For Pat Tiernan, who died suddenly July 24 of a heart attack at his home in East Greenbush at age 29, music was everything.
A veteran of the local music scene, Tiernan was known for his work with the band Mobana and more recently, Odus Budd and What It Is. He also hosted an open mic night at the Bayou Cafe in Albany for a number of years, and had hosted a Tuesday night open mic at Graney’s Stout in Albany for the past 10 months.
He would play seven nights a week — sometimes playing two shows in one day, according to his father, Kevin Tiernan. Even when he wasn’t playing a gig, Tiernan was playing his guitar.
“He would play no matter where he was — somebody’s cellar, somebody’s campfire, Pat always had his guitar,” Kevin said. “His main guitar — he had a Gibson SG — he took that to school every day with him, all through high school. His brother Brian did the same thing; he kind of followed in his footsteps.”
Always ready to play
“His guitar was as important to him as a cellphone is to a teenager — he would never leave home without his guitar,” said Mike Graney, owner of Graney’s Stout. “It was always with him, and he would break it out wherever he was — at the mall, a school, a family function. He always wanted to play.”
Graney’s Stout and the Bayou Cafe hosted benefit shows for Tiernan’s family to help defray funeral costs. Another benefit is planned for Aug. 12, at Smokin’ Joe’s Barbecue in East Greenbush.
Tiernan began playing guitar at age 13, but his first performance in front of a live audience was at 7 years old with his father.
“We were doing a show up in Troy for Vietnam vets, and he was singing and playing tambourine, and dancing around with us,” his father said. “I wanted to teach him to play back then, but he wasn’t ready to learn back at 7 years old, so I let him tell me when he was ready.”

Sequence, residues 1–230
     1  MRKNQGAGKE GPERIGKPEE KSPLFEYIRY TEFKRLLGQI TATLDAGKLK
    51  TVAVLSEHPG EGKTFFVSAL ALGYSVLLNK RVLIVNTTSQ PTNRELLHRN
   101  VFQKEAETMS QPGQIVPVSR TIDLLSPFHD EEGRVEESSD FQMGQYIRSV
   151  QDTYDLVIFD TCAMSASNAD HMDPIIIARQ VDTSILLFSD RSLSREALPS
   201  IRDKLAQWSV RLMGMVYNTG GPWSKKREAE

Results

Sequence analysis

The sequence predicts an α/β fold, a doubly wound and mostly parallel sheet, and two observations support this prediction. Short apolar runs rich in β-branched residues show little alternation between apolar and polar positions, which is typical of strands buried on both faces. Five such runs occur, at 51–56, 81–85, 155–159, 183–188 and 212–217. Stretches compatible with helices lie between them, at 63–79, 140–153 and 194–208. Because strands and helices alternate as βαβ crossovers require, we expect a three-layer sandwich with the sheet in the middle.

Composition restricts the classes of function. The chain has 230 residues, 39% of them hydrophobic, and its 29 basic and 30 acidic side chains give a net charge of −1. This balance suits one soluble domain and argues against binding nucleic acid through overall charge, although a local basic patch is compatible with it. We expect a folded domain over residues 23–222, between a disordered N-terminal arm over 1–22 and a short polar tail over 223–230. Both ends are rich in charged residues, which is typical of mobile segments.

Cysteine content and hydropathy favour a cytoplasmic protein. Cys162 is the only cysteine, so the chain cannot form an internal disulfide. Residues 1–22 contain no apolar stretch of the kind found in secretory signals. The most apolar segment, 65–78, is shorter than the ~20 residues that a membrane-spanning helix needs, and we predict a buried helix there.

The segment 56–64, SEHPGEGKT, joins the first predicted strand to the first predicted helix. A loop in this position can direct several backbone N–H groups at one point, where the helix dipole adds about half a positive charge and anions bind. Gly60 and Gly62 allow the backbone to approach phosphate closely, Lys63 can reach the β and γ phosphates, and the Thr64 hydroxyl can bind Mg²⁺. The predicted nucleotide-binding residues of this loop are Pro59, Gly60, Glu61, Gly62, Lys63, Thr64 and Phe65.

Chad Mendrysa, bassist for Ten Year Vamp and Mobana, first met Tiernan when the two were in middle school. Both were playing at a talent show, and Mendrysa immediately knew that he wanted to play music with Tiernan. The two went on to play together off and on for the next 15 years.
“It was his playing, his voice — the kid was very, very talented,” Mendrysa said. “For me there was just no one else that I wanted to play with, just him.”
Mark Rose, guitarist for Ten Year Vamp, saw Tiernan perform a few years ago at his open mic at the Bayou Cafe. Tiernan went on to sit in with Ten Year Vamp at a show, filling in on second guitar.
“Everyone talks about how great a musician he was, and a singer, and it’s all true,” Rose said. “But more importantly, Pat was one of the nicest guys you ever met, plain and simple, and that’s a lot more important than whether he can play guitar or not.”
At the time of his death, Tiernan was playing mostly with What It Is, and was planning to move to Austin, Texas, in October to further his music career.
“He had finally found the sound he had been looking for,” Kevin said. “These guys flowed. You need to listen to something from them to see where he was. I mean, people — his friends compared him to Warren Haynes, Stevie Ray Vaughn.”
“It’s great to hear how many people he touched,” Graney said. “It’s been a week now, and people have just reached out tremendously. He had a lot of great friends, and it shows what kind of man he was in the short time he was here. He touched a lot of people’s lives.”